Kano Michinobu (1730-1790) and Japanese art

Kano Michinobu (1730-1790) and Japanese art

Lee Jay Walker

Modern Tokyo Times

The Kano school of art blessed Japan for many centuries after the founding fathers were born in the fifteenth century. However, like all traditional art forms, the Meiji Restoration of 1868 and endless modernization would eclipse the longevity of Kano artists. Despite this, the legacy remains firmly embedded within modern Japan when it comes to high culture.

Kano Michinobu (1730-1790) at a very early age was left to carry on the line because of deaths within this art school in 1731. Yet, the circumstances meant that he wouldn’t meet the Shogun until 1741 because of his tender age. Hence, because of the circumstances of events during his early life, he would become the “inner painter” of the Japanese shogun in 1763 based on the firm relationship they had.

Michinobu was highly respected by Shogun Tokugawa Ieharu and obviously this opened-up many new doors for this artist. At the same time, Michinobu rekindled the Kano school to a very important degree. He did this by bold brush strokes and knowing the changing times. Equally important, the support of Tokugawa Ieharu strengthened the hand of Michinobu in relation to furthering the cause of the Kano School to other patrons.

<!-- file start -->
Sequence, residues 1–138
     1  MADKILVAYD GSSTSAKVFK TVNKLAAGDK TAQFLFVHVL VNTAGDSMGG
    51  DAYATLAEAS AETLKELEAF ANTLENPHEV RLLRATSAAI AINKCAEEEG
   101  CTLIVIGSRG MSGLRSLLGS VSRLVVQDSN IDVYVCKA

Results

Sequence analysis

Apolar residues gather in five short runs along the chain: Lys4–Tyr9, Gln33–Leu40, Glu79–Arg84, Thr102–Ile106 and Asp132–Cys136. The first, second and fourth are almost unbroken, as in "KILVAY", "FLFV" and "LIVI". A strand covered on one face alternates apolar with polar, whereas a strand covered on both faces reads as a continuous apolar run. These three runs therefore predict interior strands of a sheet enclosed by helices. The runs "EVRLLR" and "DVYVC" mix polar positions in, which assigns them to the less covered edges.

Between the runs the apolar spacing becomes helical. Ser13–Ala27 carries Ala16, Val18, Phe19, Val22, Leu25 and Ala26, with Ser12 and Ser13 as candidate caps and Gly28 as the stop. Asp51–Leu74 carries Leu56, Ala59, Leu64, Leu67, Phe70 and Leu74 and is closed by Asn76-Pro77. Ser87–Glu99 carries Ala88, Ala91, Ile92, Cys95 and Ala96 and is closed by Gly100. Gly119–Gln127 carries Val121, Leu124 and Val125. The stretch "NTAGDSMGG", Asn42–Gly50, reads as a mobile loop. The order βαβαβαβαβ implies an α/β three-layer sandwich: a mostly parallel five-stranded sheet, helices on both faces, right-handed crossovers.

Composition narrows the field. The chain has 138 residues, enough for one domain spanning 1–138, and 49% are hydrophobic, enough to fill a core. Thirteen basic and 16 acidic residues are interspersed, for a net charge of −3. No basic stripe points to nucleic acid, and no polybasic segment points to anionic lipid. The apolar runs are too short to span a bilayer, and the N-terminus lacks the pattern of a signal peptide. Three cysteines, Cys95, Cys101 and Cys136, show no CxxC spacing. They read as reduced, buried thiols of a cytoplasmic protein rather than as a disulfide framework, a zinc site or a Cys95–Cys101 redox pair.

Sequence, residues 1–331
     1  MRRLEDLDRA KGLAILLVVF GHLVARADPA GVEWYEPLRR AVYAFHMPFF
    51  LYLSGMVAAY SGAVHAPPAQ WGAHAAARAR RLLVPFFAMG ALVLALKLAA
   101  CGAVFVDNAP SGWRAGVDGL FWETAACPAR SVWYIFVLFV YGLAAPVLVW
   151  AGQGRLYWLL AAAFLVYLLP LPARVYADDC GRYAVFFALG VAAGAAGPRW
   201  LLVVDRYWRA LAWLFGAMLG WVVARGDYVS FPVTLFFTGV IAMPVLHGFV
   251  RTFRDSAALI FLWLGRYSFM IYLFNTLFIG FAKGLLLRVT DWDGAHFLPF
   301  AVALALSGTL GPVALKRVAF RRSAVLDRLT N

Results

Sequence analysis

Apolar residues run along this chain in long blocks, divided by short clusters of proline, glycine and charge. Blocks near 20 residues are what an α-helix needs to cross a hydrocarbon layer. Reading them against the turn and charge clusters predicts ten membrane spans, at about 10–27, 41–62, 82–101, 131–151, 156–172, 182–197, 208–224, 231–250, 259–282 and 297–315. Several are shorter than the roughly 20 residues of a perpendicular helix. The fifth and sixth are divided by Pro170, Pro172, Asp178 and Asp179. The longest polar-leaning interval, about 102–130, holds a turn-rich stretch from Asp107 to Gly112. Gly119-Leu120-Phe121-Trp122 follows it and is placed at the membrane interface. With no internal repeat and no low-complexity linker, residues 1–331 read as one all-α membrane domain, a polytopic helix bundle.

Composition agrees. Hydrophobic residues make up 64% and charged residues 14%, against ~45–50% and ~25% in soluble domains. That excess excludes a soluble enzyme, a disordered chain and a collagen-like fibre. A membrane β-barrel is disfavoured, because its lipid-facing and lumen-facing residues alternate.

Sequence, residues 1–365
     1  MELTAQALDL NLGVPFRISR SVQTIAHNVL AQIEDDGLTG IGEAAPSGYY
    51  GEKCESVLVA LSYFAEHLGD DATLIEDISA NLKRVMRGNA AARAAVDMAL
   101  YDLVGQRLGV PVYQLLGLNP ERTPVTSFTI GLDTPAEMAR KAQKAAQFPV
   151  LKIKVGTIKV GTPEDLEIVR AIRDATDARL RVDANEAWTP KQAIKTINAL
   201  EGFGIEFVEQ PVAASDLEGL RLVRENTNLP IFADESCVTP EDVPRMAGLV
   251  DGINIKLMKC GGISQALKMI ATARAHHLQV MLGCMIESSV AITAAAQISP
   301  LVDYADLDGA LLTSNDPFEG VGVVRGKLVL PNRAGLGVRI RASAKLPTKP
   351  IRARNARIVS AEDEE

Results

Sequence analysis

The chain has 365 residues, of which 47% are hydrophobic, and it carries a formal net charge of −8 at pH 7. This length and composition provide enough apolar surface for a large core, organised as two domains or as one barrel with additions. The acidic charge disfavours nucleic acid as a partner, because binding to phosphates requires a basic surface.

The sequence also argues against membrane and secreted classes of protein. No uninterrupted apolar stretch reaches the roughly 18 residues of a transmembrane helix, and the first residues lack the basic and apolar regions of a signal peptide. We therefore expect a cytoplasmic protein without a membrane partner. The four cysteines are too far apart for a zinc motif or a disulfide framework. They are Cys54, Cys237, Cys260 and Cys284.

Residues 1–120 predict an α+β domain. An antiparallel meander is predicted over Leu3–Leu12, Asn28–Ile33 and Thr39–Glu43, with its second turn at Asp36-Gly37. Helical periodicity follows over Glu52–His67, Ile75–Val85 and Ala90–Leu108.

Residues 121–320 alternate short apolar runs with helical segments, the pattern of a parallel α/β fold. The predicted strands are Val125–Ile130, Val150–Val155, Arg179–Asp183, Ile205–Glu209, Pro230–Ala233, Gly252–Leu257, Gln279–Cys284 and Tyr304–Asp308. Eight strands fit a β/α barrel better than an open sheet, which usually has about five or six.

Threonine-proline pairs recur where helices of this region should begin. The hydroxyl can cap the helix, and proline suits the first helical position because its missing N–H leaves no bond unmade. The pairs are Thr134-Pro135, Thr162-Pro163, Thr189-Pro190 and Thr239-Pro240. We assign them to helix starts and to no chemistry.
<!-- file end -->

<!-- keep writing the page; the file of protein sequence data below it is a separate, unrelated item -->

Indeed, Michonobu utilized the shogun in order to restore the prestige of the Kano school. After all, before Michinobu the famous Kano school appeared to be in decline and destined to be eclipsed. Therefore, Michinobu worked with great stealth because his astuteness understood the gift that was presented to him by the shogun.

The Metropolitan Museum of Art says, “The Kano school was the longest lived and most influential school of painting in Japanese history; its more than 300-year prominence is unique in world art history.”

Of course, in time the Kano school would wane but Michinobu maintained that this famous school would remain potent based on prestigious backers. Hence, his legacy is rightly remembered for restoring the prestige of this school throughout the last half of the eighteenth century.



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